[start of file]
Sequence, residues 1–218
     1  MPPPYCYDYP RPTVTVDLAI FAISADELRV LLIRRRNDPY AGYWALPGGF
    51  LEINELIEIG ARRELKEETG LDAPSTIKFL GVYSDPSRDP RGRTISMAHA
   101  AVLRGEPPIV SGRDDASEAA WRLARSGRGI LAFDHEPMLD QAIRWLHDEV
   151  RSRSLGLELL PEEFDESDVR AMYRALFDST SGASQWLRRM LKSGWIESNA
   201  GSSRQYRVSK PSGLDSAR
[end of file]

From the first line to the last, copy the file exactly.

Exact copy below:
Sequence, residues 1–218
     1  MPPPYCYDYP RPTVTVDLAI FAISADELRV LLIRRRNDPY AGYWALPGGF
    51  LEINELIEIG ARRELKEETG LDAPSTIKFL GVYSDPSRDP RGRTISMAHA
   101  AVLRGEPPIV SGRDDASEAA WRLARSGRGI LAFDHEPMLD QAIRWLHDEV
   151  RSRSLGLELL PEEFDESDVR AMYRALFDST SGASQWLRRM LKSGWIESNA
   201  GSSRQYRVSK PSGLDSAR